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Remote Endarterectomy

What is remote endarterectomy (RE)?

Remote endarterectomy combines the advantages of minimally invasive surgery with endovascular techniques in cases where there is a very long segment of the arteries that is clogged off, and placing multiple stents is ill-advised, or not possible. The arterial plaque in the leg is completely removed through a small incision and then a short distal stent is placed to make sure there is no flap. The beauty of the procedure is that it actually recovers the entire lumen of the vessel and its collateral branches (unlike in stenting or bypasses). This also means it can be stented in the future, if necessary.

A lost art? Not at Emory.

Remote endarterectomy was originally introduced in 1995 as an ideal fix for specific PAD populations. The approach was almost forgotten over time as experts in the field shifted focus to stents and angioplasty. That didn’t mean RE wasn’t a better choice for some cases of long-segment occlusions, but fewer and fewer surgeons continued to use the method, or teach it to the next generation.

Emory Healthcare’s vascular experts have been trained properly in RE, while also being adept at both open bypass, all endovascular techniques (retrograde and antegrade approaches, balloon angioplasty, stents and artherectomy). Very few centers in the country can make this claim.

The RE Technique


1. Advance a Vollmar ring +/- Martin dissector through the occluded vessel until you reach the patent superficial femoral artery

2. Cut the lowest portion of the the plaque with a Mollring cutter and remove the entire (often >20cm) cylinder of plaque

3. Cross the end point with a wire

4. Use a short stent and angioplasty the distal flap to avoid stenosis or dissection

5. Restore flow

Who is an ideal patient for RE?

Remote endarterectomy is a superb option for patients with long, “flush occlusions” of the superficial femoral artery (SFA) that begins at the origin of the vessel, and ideally reconstitutes above the knee. The longer the occlusion, the better the outcome over a stent or a bypass (especially when a saphenous vein is not available), because you remove all or most of the plaque from artery.

This also allows you to start a bypass lower in the leg when you have only a short vein. Should you need a stent or bypass later on (after a failed RE), it is generally easy do either because the artery’s anatomy is preserved with minimal stenting.*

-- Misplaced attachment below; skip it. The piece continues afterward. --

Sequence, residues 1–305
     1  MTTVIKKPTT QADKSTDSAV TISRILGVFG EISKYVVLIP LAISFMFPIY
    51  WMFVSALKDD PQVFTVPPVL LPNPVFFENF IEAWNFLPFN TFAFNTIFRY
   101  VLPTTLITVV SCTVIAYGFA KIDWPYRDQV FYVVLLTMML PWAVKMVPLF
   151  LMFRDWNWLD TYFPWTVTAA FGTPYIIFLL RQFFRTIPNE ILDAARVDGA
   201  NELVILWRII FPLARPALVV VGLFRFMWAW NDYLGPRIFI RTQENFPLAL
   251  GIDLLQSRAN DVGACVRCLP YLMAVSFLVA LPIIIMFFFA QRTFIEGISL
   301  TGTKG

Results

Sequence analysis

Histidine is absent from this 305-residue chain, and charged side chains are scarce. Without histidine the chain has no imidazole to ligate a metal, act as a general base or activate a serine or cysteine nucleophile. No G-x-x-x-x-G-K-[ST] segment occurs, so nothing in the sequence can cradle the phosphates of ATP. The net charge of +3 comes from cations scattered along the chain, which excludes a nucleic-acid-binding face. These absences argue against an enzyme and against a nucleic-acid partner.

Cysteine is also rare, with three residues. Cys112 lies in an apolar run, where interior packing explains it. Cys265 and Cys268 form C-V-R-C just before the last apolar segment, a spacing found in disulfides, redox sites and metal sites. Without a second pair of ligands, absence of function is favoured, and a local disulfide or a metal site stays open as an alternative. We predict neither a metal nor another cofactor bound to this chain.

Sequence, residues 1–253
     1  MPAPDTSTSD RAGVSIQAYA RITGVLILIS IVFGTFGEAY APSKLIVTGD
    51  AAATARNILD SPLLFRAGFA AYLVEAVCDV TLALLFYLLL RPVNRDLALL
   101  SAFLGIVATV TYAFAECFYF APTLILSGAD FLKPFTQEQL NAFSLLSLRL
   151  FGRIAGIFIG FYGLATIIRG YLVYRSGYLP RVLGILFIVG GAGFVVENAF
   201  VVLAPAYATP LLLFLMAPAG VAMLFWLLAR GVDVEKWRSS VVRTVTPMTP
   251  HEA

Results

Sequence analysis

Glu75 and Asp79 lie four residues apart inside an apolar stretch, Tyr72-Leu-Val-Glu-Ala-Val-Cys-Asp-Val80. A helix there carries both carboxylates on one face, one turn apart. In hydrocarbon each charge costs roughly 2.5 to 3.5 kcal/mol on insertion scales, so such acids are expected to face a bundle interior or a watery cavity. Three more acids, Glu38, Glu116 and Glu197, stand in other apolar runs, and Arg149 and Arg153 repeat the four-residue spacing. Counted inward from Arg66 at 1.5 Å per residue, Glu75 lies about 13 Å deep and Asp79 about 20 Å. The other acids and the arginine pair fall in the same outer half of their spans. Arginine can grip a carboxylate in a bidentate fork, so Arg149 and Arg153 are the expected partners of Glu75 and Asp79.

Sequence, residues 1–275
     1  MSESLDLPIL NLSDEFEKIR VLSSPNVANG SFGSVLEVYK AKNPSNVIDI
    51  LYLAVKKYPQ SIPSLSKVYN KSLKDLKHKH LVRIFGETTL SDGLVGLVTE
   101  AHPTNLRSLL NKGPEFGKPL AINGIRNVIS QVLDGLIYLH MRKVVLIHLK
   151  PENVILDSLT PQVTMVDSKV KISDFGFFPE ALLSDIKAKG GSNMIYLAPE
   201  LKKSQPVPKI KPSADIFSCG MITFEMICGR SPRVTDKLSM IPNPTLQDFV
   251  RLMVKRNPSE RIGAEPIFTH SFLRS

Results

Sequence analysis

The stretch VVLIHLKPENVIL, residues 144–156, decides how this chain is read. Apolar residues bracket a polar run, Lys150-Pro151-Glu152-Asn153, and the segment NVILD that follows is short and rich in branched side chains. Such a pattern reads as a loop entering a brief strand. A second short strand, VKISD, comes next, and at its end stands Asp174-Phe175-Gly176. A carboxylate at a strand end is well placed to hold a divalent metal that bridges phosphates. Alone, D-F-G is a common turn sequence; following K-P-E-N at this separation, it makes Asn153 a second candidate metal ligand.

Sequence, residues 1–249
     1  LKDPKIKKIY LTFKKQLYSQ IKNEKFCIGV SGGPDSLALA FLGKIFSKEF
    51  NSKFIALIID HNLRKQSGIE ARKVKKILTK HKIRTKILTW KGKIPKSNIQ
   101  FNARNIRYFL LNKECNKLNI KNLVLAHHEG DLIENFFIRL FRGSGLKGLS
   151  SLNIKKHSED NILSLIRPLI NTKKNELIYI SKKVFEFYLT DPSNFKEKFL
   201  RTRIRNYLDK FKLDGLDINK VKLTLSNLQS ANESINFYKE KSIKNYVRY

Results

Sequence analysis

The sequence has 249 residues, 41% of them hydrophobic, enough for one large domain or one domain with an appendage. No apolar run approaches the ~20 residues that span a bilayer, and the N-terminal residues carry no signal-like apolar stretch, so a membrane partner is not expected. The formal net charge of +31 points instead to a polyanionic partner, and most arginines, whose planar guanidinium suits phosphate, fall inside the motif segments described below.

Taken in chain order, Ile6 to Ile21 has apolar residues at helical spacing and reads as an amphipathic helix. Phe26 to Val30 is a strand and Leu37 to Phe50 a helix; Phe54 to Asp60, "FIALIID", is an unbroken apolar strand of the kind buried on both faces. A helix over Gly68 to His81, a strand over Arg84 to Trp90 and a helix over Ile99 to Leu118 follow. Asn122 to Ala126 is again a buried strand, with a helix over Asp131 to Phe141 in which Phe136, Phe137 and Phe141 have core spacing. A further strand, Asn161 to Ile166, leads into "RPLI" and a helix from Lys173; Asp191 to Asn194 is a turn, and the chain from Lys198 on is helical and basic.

How does RE compare for long femoral artery (TASC C/D) occlusions?

The chart below compares three surgical treatments available at Emory Healthcare. Remote endarterectomy has excellent long-term patency without invasive surgery.

More Options

A one-size-fits-all solution for patients with peripheral arterial disease does not exist. The vascular specialists at Emory Healthcare individualize care by aligning test results with symptoms, heart/lung limitations and patient goals to determine the best course of treatment.

We have a wide variety of traditional, modern, experimental and hybrid approaches to choose from – and not all of them require surgery.

  • Walking Programs: Patients with low-grade claudication can avoid all surgery altogether and walk farther with tailored exercise programs. New support from Medicare is making supervised walking programs more accessible.
  • Drug Therapy: Certain medications, in combination with exercise, may improve the distance patients can walk without pain and cramping.
  • Balloon Angioplasty With or Without Stent Placement: This is a great solution to improve blood supply and boost mobility, especially in cases where walking programs are not enough.
  • Remote Endarterectomy: This hybrid method may be a better alternative as the occluded femoral artery segment size lengthens, or cases where traditional endovascular techniques failed.
  • Surgical Bypass: Sometimes open surgery is the best way to restore blood flow and save the leg. Emory surgeons will use all resources and creative techniques possible to save limbs and improve lives beyond “just doing a bypass.”
  • Clinical Trials: Clinical researchers from Emory are able to offer patients access to some of the most advanced clinical trials anywhere in the world, and we are currently enrolling in trials to determine who benefits most from starting with endovascular procedures or open procedures.
  • Follow-up: Emory vascular physicians follow their patients for life; allowing them to anticipate and fix future problems before they start and avoid complications and difficulties.

For more information or to refer a patient to an Emory vascular specialist, please call our physician consult line 404-777-5050.

Emory Healthcare is committed to the continued health and safety of all patients. During this time, we are taking all necessary precautions to screen for coronavirus (COVID-19) and to prevent its potential spread. We continue to monitor the evolving COVID-19 pandemic and are working with experts throughout Emory Healthcare to keep your patients safe. For the most up-to date information for our referring partners, click here.

*Source: Guillermo Escobar, MD Emory Healthcare, Associate Professor of Surgery, Division of Vascular Surgery and Endovascular Therapy, Department of Surgery, Emory University School of Medicine